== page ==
Tuesday, April 7, 2009

Drink Drivers – Blame Advertising

60 Minutes ran a story a few weeks ago titled “Killer at the Wheel”. It was a story on drink drivers and how it has ripped apart families in a heart beat because some moron was drink driving. You can see the whole story by clicking on the link below (not sure why I couldn’t embed the video but it just wouldn’t work).

http://video.msn.com/video.aspx?mkt=en-AU&brand=ninemsn&vid=1b87f28f-9209-4075-9989-9cd7eacda282

It hit me pretty hard, being a new dad of a 4 month old boy, and I found myself fighting back a few tears as I wondered what it would be like for a drunk driver to take him from us. I even have a lump in my throat and watery eyes as I write this now.

The story talked about how the law is too soft. While I agree that the law is too soft I also think advertising is to blame. Lately there has been a significant move away from shock tactics in campaigns against drink driving. An example can be seen in this ad.

This ad is not shocking. Sure it might be emotional but it is not shocking. This ad tells me that if I drink and drive and kill a child then I will at least get to spend the rest of my life with my family and lead a pretty normal life (albeit with guilt). It is just not a strong enough message.

If you saw the story on 60 Minutes, or watched the story above, then you probably felt sick listening to the mother talking about how she held her daughter’s decapitated head in her hands after a drunk driver hit them head on. Just stop for a second and imagine what that would actually be like.

It made me feel sick to my stomach. This is the feeling drink driving ads should be aiming for. And I think advertising companies should take the high ground and insist on stronger messages.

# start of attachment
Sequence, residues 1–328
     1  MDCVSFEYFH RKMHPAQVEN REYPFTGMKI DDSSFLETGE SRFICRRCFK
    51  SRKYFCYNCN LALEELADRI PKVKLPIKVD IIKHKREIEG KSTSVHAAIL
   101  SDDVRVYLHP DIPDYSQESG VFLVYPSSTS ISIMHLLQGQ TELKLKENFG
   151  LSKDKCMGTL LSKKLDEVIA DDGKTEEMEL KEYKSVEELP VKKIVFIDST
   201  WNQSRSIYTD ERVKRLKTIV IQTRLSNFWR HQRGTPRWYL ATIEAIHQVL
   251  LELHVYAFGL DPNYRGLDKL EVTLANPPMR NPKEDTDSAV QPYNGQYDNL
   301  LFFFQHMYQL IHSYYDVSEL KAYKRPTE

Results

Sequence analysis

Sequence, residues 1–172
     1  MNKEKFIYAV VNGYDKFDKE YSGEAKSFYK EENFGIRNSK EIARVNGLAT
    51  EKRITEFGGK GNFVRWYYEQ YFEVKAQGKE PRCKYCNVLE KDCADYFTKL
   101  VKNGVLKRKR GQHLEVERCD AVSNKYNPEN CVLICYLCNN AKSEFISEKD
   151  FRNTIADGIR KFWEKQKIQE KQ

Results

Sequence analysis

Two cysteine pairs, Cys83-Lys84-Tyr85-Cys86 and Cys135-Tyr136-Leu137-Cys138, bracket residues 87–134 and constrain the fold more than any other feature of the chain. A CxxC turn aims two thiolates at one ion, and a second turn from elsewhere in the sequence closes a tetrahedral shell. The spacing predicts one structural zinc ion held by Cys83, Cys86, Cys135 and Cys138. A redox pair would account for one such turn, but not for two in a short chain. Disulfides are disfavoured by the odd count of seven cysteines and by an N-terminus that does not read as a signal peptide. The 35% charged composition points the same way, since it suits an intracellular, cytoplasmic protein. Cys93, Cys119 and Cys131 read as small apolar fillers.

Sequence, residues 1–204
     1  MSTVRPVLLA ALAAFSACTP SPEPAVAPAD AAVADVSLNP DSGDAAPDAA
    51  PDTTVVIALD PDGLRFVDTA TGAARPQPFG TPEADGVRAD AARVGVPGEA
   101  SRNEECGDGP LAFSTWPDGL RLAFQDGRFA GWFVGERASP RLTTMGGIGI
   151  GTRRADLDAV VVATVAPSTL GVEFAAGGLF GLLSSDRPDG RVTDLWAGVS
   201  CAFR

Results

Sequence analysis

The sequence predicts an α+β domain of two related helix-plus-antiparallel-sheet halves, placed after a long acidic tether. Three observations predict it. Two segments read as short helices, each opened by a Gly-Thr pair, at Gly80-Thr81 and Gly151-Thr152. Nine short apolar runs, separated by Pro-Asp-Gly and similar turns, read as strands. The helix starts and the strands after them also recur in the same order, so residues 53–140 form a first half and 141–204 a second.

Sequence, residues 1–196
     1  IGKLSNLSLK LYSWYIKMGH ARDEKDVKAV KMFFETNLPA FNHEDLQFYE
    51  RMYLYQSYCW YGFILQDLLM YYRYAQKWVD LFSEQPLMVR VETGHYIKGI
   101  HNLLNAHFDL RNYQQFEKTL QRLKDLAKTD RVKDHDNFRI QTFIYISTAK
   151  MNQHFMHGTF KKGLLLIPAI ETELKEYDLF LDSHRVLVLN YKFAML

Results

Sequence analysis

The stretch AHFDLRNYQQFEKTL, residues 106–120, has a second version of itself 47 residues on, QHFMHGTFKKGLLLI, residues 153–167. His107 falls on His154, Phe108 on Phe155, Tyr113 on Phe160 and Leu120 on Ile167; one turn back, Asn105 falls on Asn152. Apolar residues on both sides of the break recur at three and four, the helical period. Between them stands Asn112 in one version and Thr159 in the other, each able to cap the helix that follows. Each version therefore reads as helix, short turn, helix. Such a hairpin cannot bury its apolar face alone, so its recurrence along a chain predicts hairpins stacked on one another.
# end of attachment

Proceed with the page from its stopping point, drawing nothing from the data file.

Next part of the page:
3 comments:

Nathan Bush said...

I saw that story too and it hit me pretty hard too. I was talking to a friend of mine who said that she has never gone over the speed limit. I asked her what has made her make that decision. She said it all came down to a campaign she saw when she was 10 or 11. It showed a guy who crashed his car, he survived but his girlfriend and mates survived. While the ad was full on I think it was the insight here rather than the execution that had the effect. Shocking will work for a little while but shocking with a hard hitting truth will have a longer term affect.

Bones Lawley said...

I found this ad quite haunting actually, this would be a huge burden to bare obviously, but I do agree the boy may not follow ME around when I'm driving and remind me to slow down. Maybe that's what their aim is, make everyone into Hayley Joel Osmont or whoever he is and see this little dead kid everywhere. If so, those TAC bastards. Anyway, I don't mind this because I think they need to do something different every now and again, the TAC have been doing fairly shocking ads for the last 15 years maybe more, and audiences get tired of that and turn off. Everytime I see the doc starting to slice into that brain on the Quit ad I change the channel. No one's forcing me to watch it. Maybe that's the next frontier, strait jackets and forceable watching of deterrent stimuli haha.

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